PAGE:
Bard College at Simon's Rock: the Early College
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Literary Studies

“A word after a word after a word is power,” according to the contemporary Canadian writer Margaret Atwood. Appreciation of the power of language as an artistic medium is the goal of the literary studies concentration.

The requirements of the concentration are designed to foster students’ skills as interpreters of literature and as writers, while also instilling appreciation of form and knowledge about literature and its relationship to social and political contexts. The Simon’s Rock literature program is decidedly comparative, allowing students to study British and American literature as well as French, Spanish, German, Russian, Chinese, Arabic, Czech, and other literatures, in the original language or in translation. In keeping with the College’s commitment to interdisciplinary study, students choosing this concentration are encouraged to engage in complementary study in other areas, including Asian studies and gender studies, or fields other than literature. In the past, students have combined work in literary theory and women’s studies, political theory, and children’s literature, and the history of science with autobiography. The Division’s course offerings each semester represent a wide variety of literary approaches and contexts.

Related Career Paths

Students in the Literary Studies concentration enter into such fields as editing, advertising, communications, broadcasting, research, journalism, playwriting, teaching, public relations, and writing.

Curriculum

The concentration requires a minimum of eight courses (26 credits) in literature. Except for Foundational courses, these courses may be in English or in another language. The following courses are required:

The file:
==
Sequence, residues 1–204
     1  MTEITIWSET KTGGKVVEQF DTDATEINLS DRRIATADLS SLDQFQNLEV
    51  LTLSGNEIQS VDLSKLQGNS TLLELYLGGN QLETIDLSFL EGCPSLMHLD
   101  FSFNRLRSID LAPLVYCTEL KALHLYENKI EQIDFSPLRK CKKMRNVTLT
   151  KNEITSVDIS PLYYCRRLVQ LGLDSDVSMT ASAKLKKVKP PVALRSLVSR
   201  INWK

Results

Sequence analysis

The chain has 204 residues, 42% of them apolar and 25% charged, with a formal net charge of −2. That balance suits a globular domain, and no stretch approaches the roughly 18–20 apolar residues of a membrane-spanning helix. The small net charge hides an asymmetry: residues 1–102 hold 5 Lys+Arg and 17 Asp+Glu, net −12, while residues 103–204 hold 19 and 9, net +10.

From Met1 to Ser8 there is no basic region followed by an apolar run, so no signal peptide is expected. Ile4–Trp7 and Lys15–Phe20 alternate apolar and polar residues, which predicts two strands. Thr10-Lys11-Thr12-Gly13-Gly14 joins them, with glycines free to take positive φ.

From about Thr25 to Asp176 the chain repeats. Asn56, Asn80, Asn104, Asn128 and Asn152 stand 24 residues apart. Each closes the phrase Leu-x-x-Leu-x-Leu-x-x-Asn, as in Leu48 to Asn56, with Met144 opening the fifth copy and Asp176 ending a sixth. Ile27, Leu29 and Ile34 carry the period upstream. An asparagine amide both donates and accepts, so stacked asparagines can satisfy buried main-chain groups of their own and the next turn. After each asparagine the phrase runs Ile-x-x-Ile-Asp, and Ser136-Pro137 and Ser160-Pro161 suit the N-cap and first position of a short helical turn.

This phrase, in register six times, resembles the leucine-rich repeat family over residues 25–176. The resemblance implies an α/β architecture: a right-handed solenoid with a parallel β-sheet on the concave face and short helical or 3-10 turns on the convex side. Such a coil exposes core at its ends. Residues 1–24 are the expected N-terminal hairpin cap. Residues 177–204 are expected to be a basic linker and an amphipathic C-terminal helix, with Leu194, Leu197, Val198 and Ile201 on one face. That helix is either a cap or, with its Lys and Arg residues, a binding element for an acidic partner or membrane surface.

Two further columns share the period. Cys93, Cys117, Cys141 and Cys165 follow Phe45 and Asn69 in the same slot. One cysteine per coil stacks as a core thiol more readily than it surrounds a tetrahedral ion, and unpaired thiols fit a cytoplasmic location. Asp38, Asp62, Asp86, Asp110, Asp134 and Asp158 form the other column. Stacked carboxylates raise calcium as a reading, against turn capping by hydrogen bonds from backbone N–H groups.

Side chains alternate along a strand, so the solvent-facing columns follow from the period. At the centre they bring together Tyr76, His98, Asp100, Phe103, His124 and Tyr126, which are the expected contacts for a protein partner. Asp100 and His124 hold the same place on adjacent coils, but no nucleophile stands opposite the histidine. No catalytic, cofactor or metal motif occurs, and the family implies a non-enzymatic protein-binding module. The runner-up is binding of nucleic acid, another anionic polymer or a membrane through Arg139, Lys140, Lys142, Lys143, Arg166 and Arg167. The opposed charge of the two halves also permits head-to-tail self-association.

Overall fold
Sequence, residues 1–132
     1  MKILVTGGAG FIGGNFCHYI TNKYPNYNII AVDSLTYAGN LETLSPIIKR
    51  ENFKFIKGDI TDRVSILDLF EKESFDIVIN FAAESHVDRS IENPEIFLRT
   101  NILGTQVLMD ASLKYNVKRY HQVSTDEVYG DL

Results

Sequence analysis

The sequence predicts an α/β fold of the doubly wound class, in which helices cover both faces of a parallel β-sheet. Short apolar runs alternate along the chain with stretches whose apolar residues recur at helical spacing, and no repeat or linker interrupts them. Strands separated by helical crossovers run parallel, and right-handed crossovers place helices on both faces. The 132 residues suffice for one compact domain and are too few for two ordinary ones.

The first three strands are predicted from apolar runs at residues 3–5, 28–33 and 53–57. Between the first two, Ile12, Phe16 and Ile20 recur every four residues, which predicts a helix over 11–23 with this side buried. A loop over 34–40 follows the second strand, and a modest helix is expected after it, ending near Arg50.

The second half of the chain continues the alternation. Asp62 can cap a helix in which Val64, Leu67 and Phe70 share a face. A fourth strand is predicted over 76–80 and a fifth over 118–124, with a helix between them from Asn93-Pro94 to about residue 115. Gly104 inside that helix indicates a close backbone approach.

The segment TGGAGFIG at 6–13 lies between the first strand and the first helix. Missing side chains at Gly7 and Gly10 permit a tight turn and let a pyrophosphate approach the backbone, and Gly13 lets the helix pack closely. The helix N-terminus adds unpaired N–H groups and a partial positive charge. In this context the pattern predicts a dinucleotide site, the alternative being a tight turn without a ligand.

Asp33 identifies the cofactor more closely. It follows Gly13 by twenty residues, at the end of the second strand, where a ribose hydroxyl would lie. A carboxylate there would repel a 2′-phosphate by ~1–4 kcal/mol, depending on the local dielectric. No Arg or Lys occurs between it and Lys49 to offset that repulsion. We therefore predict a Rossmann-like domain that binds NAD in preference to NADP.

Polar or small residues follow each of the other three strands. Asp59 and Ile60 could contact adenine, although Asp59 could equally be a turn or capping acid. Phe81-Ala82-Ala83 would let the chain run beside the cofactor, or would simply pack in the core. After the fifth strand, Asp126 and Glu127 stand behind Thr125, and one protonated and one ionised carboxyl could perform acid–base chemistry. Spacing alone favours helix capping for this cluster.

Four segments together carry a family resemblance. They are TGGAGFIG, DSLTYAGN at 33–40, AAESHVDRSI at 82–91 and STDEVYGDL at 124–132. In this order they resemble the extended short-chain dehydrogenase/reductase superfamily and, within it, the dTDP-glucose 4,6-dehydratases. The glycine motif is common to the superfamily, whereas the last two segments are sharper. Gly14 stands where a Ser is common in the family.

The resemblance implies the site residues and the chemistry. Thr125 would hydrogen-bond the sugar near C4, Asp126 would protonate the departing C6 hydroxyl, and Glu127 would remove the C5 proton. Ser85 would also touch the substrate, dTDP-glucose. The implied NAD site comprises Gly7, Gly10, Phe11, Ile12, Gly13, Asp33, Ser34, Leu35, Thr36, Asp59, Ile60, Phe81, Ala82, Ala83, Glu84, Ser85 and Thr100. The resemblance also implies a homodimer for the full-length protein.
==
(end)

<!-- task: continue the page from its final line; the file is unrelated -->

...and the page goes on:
1. Two “Art of” courses [Art of Poetry (Literature 201), Art of the Short Story (Literature 202), Art of the Novel (Literature 203), Art of Literary Analysis (Literature 204), Art of Autobiography (Literature 205), Art of Film (Literature 206), Art of Drama (Literature 207), Art of Narrative (Literature 208)], at least one of which must be completed by the end of the sophomore year.
  2. Six Intermediate or Advanced courses, including two 300-level courses, in the following areas: a. Two courses in pre-20th-century literature, at least one of which must be in pre-19th-century literature; b. Two courses in different literary genres; c. Two courses that relate literature to a locale or a political or cultural context, one of which must be a literature course in translation or a 300-level course in another language.

Because experience in the crafting of language can heighten one’s awareness of other writers’ achievements, students are encouraged to elect at least one creative writing course as part of their work in the concentration. Students interested in graduate study in literature or comparative literature should make a specific plan at Moderation with relevant faculty including a range of courses covering major pre-20th-century authors.

Course Spotlight

Brendan Matthews teaching in class.

Literature 282: Tears, Fears, and Laughter: Greek Tragedy and Comedy

In this course, you will investigate Greek drama, one of the high points of Western literature, primarily by studying—in translation—many of the tragedies of Aeschylus, Sophocles, and Euripides, as well as comedies of Aristophanes and the later poet Menander. 

Related Special Programs